All Aboard Now On Fast Track

All Aboard Fast TrackAll Aboard is on the Fast Track!  For the last few months, members of the IMAXI Cooperative and over a dozen comrades and colleagues have been collaborating, as volunteers, on an innovative research and development project that we call ‘All Aboard’. It brings together a diverse group of activists, academics and experts to focus on the meaningful participation of marginalised communities and their civil society organisations in the decision-making processes within global health. We want to learn how to  arrange a ‘seat at the table’ for those that are excluded today.

The All Aboard research team is conducting a comprehensive study to assess the state of community participation in the governance of key institutions in global health, including the United Nations agencies (WHO, UNAIDS, UNDP, UNICEF, UN Women) and two major foundations, the Global Fund and Gates. Together, we plan to produce a high quality paper for publication in the prestigious peer-review scholarly journal, Global Health Governance, and towards this, our abstract has been accepted.

Although a little late out of the station, All Aboard is now moving on the fast track. The literature and document reviews are well underway, the (community-made) civil society survey and outreach will be ready to roll next week, and invitations for interviews with the ‘key actors’ in global health are now going out. The time-line is tight, and we’ve a challenge ahead of us during the next seven weeks with the deadline of 1st of June for submitting the paper. We hope that when successfully completed, this evidenced-based research can contribute to advancing, in all of the global health institutions, the right to meaningful participation and accountable representation of those most at risk of “being left behind”.

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“Active Participation Empowers”

Active Participation EmpowersEditor’s note:  As the IMAXI Cooperative and friends are currently ‘all active’ on the All Aboard research project on meaningful participation in global health governance, the post below from Claudio Schuftan rings a timely bell.  With our severe lack of capacity and resources, the bell resonates loudly.

Human Rights Reader 287
by Claudio Schuftan

In human rights work, it is the highly unequal relations of power that severely limit the terms of citizens’ active participation and representation.

1. Oppressed people that lack the capacity for collective action are historically doomed. That is where empowerment comes-in in human rights (HR) work. Actually, for us, the very meaning of participation is empowerment. It pursues a significant input in decision making processes rather than mere consultation. In our case, among other, empowerment implies that, to make progress, claim holders have to use tools such as legal* and political action, i.e., we see participation as exercising a painstakingly earned political right.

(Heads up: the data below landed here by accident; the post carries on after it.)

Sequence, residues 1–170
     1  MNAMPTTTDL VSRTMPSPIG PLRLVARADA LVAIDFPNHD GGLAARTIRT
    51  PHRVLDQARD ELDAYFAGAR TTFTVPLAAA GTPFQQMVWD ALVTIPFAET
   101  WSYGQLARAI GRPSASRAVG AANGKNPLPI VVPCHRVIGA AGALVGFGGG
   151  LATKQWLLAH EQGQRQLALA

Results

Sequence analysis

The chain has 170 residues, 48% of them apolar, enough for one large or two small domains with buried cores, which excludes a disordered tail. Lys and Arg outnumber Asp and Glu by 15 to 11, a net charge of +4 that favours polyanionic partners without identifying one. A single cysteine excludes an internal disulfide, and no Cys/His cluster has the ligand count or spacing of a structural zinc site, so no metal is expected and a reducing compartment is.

As someone said, the problem is that: “Part of being powerless is that people are always speaking on our behalf”. Are we those “people”…?

*: Seeking a redress for HR violations, access to justice and justiciability constitutes one of the tools for strengthening community empowerment initiatives; another is organizing the de-facto, vocal expression of community demands through active mobilization.

2. As the Occupy Movement around the world has shown, the voices of protest become insignificant and devoid of power when they are contradicted by the media and the computers of officialdom (…and of the secret service). As Amartya Sen rightfully reminded us, some of the real progress that has happened in recent years has come from public discussion –and from agitation.

3. From a HR perspective, a country can be doing well or bad. But in order to be doing well it has to want to do well. Do most countries want to do well? I have my doubts. If they do not really want to (beyond the lip service of their too often undemocratic leaders), it shows, because community efforts in them are thwarted and vanish before becoming a-political-force-to-reckon-with. Social cohesion, pragmatic solidarity across social classes and ultimately moral and political power are key ingredients to see change materialize in any society.

Participation as exercising a political right

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